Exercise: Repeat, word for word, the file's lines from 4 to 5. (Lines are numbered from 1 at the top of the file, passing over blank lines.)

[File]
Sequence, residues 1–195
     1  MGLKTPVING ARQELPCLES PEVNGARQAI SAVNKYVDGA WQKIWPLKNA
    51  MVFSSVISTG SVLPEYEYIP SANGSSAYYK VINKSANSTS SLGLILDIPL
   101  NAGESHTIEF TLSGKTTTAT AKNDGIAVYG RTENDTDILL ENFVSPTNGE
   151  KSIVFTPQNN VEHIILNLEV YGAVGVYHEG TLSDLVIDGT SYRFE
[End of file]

   101  NAGESHTIEF TLSGKTTTAT AKNDGIAVYG RTENDTDILL ENFVSPTNGE
   151  KSIVFTPQNN VEHIILNLEV YGAVGVYHEG TLSDLVIDGT SYRFE